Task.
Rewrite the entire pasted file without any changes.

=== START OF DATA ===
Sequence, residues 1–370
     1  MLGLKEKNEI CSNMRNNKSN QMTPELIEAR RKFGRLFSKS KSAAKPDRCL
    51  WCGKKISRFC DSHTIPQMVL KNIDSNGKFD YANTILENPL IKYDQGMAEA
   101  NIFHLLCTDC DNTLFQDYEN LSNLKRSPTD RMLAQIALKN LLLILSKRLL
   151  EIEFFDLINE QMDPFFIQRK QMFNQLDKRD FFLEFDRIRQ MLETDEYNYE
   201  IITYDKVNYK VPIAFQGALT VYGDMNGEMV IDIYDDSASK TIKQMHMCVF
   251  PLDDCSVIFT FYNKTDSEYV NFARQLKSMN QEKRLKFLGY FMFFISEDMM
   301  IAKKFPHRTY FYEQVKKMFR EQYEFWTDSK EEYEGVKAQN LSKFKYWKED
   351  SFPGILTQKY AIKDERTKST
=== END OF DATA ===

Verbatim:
Sequence, residues 1–370
     1  MLGLKEKNEI CSNMRNNKSN QMTPELIEAR RKFGRLFSKS KSAAKPDRCL
    51  WCGKKISRFC DSHTIPQMVL KNIDSNGKFD YANTILENPL IKYDQGMAEA
   101  NIFHLLCTDC DNTLFQDYEN LSNLKRSPTD RMLAQIALKN LLLILSKRLL
   151  EIEFFDLINE QMDPFFIQRK QMFNQLDKRD FFLEFDRIRQ MLETDEYNYE
   201  IITYDKVNYK VPIAFQGALT VYGDMNGEMV IDIYDDSASK TIKQMHMCVF
   251  PLDDCSVIFT FYNKTDSEYV NFARQLKSMN QEKRLKFLGY FMFFISEDMM
   301  IAKKFPHRTY FYEQVKKMFR EQYEFWTDSK EEYEGVKAQN LSKFKYWKED
   351  SFPGILTQKY AIKDERTKST